While encouraging teams to work together and collaborate vs. competing sounds like common sense, it goes back to ownership and priorities. Most leaders would believe that since they hired the resource, and are paying for that resource out of their budget that their needs should take priority over everyone else’s. By having a resource that reports to them working with other teams, there is a possibility that the resource may not be available when they need them.

Since every corporation has some level of politics, it really becomes a challenge to think of your team sharing bad news across an entire company. In part silos are created to limit the exposure of bad news or failures. Even in organizations where failure is seen as a good thing, it’s really only good if someone else does it.

Managing the attention and ignoring the inputs of people who might second guess the actions of the team may slow things down and distract the team from accomplishing the goals. A clear process needs to be in place to ensure the team doesn’t get distracted and miss deliverables.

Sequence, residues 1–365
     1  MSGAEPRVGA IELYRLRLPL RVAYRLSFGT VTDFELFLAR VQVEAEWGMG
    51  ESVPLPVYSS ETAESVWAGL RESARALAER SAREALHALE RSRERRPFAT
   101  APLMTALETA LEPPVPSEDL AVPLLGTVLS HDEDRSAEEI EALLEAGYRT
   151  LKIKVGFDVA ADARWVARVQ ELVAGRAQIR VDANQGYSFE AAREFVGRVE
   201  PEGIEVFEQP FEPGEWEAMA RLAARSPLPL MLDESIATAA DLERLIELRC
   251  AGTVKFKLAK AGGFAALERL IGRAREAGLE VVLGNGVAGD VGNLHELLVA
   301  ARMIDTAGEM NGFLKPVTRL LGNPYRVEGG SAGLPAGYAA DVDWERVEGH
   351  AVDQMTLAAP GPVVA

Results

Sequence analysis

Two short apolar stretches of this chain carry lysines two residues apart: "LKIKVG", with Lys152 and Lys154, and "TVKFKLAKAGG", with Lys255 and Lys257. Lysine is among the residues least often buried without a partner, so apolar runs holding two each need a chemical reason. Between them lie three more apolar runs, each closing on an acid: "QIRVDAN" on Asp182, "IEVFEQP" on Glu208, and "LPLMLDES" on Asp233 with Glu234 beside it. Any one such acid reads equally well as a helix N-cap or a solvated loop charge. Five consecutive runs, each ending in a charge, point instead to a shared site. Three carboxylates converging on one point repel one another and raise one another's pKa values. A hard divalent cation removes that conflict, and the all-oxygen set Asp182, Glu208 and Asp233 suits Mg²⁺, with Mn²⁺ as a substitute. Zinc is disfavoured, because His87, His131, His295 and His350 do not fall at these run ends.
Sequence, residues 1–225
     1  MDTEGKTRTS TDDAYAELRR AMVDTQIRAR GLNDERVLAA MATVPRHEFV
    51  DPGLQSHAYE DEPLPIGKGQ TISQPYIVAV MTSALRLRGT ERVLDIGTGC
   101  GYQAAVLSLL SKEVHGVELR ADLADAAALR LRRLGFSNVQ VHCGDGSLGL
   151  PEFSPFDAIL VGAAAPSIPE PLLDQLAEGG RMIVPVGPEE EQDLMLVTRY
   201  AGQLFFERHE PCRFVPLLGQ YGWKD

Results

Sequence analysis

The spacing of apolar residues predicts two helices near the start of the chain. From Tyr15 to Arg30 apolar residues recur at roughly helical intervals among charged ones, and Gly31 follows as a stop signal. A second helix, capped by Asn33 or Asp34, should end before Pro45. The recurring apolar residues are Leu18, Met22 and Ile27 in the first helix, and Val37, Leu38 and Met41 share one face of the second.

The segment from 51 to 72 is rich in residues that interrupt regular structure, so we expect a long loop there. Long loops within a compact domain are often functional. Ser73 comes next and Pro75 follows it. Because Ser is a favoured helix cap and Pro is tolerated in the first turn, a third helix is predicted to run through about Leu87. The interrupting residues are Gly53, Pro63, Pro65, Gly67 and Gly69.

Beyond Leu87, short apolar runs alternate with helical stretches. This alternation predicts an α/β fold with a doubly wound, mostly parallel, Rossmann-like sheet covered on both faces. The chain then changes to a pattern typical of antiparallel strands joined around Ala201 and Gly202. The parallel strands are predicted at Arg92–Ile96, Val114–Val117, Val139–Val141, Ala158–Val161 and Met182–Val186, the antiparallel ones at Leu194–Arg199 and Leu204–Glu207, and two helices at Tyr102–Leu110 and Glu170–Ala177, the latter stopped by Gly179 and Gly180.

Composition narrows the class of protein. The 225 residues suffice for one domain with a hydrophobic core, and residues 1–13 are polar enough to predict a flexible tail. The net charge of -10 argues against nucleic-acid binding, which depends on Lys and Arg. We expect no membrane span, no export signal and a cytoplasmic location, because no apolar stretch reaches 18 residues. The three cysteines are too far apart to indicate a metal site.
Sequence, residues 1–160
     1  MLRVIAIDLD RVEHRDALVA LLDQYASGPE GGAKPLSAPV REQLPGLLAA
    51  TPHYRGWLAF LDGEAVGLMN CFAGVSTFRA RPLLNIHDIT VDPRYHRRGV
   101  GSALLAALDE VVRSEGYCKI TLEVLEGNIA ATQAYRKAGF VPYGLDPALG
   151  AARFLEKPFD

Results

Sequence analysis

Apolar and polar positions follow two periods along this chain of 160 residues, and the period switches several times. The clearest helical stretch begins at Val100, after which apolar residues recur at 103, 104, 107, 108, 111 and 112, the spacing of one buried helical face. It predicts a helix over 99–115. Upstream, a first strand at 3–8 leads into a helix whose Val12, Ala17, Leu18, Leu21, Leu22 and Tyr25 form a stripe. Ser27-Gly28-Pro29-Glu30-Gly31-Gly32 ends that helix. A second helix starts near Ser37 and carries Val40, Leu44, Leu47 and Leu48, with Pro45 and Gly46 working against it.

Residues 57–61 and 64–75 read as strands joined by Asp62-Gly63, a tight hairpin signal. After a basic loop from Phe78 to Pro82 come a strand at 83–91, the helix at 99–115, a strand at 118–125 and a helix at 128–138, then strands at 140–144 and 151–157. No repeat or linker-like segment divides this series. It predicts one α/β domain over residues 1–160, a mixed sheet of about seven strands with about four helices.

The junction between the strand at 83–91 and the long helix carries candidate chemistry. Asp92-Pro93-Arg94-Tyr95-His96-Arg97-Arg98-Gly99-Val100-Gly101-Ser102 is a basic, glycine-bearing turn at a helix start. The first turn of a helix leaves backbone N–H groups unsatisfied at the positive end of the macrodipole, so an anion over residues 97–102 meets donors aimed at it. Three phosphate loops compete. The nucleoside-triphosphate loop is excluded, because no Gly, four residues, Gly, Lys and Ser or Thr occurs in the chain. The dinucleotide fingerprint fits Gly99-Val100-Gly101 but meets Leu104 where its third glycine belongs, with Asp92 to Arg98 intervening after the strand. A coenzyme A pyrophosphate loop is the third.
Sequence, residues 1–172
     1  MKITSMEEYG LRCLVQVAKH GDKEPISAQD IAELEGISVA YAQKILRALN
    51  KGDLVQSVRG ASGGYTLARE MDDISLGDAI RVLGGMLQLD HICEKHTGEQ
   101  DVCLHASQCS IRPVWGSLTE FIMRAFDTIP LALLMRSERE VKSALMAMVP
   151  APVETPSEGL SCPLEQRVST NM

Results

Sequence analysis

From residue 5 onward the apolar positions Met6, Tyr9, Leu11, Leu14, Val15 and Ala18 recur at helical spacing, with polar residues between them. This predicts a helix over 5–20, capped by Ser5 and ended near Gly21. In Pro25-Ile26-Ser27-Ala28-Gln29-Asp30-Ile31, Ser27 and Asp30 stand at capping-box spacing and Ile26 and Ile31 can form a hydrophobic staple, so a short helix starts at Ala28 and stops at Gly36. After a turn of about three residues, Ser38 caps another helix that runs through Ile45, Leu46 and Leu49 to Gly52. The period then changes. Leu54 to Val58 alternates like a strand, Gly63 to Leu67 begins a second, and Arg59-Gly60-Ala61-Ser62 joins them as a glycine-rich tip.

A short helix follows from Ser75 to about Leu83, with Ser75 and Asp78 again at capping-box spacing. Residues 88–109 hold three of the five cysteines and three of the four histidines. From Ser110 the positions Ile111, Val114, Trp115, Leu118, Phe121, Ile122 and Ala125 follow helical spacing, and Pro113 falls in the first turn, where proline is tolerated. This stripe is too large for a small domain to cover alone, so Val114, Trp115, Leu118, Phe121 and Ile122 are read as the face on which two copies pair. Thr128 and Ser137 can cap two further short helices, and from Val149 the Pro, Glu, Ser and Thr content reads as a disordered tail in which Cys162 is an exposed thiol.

What leadership really wants

What I believe leadership wants are silos that are:

  • Transparent - By allowing people to see inside the silo, it enables people to understand what that silo is working on and reassures them the work is in the best interest of the organization.
  • Permeable – By allowing information to flow in and out of the silo, it enables other groups to leverage the expertise and information best across the enterprise and allows the silos to better understand the impacts of local optimization.
Employees also want this so that they can be better leveraged across the organization.

Challenging the jargon

When one of the leaders says they want to “Break down silos”, be ready to challenge them with the questions about business benefits:

  • Are the silos mandatory?
  • What would breaking down silos enable in the business?
  • What do silos do to your business today?
  • What incentive is there for these silos to go away?
  • Is your company prepared for transparency?
  • How will leadership deal with “Monday morning quarterbacks?”